Treatment initiated with 1 capsule (60 mg long acting propranolol hydrochloride) and increased to 3 capsules (180 mg) at week 12 as tolerated. If subject does not tolerate at least 2 capsules (120 mg) of propranolol hydrochloride-LA, and in treating neurologist's judgment are unimproved, subject switched to second medication (nadolol). Participants initially receive a single 40 mg capsule of nadolol and increased to 2 capsules (80 mg) as tolerated. At week 12 dose stabilized at highest tolerated level. In evaluation phase, an increase to 4 capsules of long acting propranolol hydrochloride (240 mg) or 3 capsules of nadolol (120 mg) permitted.
Other Names:
  • Inderal
  • Nadolol
Drug: Optimal Acute Therapy
This acute therapy protocol emphasized treatment with a 5-HT1B/D-agonist or triptan. Nonsteroidal anti-inflammatory (NSAID; ibuprofen) and anti-emetic (metoclopramide) medication could be added as needed. The choice of triptans (rizatriptan®, sumatriptan®), the route(s) of triptan administration (oral, nasal spray, subcutaneous injection), and the addition of a NSAID, or anti-emetic were tailored to participant preference, treatment history and acute therapy response. Individualized handouts and a phone call (week 3) of the OAT Run-in were used to help participants evaluate and optimize their acute therapy.
Other Names:
  • Imitrex®
  • Maxalt®
  • Reglan®
  • Advil®
  • Motrin®
  • Nuprin®
Active Comparator: 3
Optimal Acute Therapy plus Behavioral Migraine Management plus Beta Blocker placebo
Drug: Placebo control
Placebo
Other Name: Placebo control
Behavioral: Behavioral Migraine Management (BMM)
Session 1: Overview of the pathophysiology of migraine; introduce muscle stretching, deep breathing, PMR, imagery; Session 2: Development trigger management strategy; Use early warning signs as a cue to use behavioral migraine management and acute medication; Session 3:(a) continue with "basic" migraine management skills if these skills have not been mastered;(b) introduce cognitive-behavioral stress-management, if stress is a salient migraine trigger;(c) introduce thermal biofeedback ("hand warming") training with a portable home thermal biofeedback device, if stress is not a notable migraine trigger. Session 4: Review problems using various behavioral migraine management skills; Prepare written migraine management plan; Relapse prevention addressed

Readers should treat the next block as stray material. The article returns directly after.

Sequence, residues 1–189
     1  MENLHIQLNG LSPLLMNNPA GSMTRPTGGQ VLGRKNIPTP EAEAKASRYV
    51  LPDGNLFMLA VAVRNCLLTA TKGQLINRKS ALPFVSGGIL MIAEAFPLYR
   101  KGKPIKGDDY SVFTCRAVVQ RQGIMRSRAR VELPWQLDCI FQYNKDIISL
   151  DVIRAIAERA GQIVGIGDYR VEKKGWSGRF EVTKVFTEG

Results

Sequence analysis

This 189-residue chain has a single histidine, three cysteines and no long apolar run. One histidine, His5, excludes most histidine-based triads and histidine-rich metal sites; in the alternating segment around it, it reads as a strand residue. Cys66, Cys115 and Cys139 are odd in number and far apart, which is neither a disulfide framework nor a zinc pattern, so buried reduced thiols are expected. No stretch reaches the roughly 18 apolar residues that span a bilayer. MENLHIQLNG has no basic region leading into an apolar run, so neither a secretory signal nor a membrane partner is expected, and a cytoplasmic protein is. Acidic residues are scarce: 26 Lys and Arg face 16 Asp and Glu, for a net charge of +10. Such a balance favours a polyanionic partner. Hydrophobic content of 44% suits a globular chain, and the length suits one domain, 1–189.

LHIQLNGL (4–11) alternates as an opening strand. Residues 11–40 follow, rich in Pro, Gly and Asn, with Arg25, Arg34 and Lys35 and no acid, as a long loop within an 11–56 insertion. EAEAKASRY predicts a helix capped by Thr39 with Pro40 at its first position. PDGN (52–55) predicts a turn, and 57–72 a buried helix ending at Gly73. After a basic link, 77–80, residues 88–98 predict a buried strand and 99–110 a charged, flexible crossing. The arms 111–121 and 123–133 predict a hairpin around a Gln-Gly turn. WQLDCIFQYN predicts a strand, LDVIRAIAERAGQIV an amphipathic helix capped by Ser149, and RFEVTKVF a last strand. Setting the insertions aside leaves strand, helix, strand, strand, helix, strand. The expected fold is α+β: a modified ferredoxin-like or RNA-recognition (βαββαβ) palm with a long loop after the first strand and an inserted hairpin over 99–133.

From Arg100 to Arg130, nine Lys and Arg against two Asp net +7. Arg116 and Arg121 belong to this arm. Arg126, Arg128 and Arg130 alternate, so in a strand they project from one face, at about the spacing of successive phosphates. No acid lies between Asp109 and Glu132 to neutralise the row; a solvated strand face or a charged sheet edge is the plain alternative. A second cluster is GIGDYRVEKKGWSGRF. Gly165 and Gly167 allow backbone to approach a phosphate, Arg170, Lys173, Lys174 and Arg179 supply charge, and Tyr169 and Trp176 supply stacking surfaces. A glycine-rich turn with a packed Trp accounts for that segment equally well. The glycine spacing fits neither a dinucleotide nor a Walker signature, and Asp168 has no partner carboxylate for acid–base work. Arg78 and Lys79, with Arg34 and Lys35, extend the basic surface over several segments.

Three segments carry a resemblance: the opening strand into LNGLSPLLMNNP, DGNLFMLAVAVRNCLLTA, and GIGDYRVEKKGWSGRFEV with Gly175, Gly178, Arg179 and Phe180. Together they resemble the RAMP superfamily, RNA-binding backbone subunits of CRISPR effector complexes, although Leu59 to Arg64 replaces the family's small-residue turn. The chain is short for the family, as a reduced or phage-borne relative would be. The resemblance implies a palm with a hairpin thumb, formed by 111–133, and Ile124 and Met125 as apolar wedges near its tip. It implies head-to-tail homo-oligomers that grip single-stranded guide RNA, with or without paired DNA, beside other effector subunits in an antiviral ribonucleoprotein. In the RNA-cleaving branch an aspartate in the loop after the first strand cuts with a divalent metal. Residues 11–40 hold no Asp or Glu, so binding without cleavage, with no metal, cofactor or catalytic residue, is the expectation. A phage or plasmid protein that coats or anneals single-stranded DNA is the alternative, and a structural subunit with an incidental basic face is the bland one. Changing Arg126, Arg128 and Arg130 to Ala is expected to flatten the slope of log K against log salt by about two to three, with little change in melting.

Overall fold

Other Names:
  • Behavioral Treatment
  • BMM
Drug: Optimal Acute Therapy
This acute therapy protocol emphasized treatment with a 5-HT1B/D-agonist or triptan. Nonsteroidal anti-inflammatory (NSAID; ibuprofen) and anti-emetic (metoclopramide) medication could be added as needed. The choice of triptans (rizatriptan®, sumatriptan®), the route(s) of triptan administration (oral, nasal spray, subcutaneous injection), and the addition of a NSAID, or anti-emetic were tailored to participant preference, treatment history and acute therapy response. Individualized handouts and a phone call (week 3) of the OAT Run-in were used to help participants evaluate and optimize their acute therapy.
Other Names:
  • Imitrex®
  • Maxalt®
  • Reglan®
  • Advil®
  • Motrin®
  • Nuprin®
Active Comparator: 4
Optimal Acute Therapy plus Behavioral Migraine Management plus Beta Blocker (propranolol or nadolol)
Drug: Propranolol or nadolol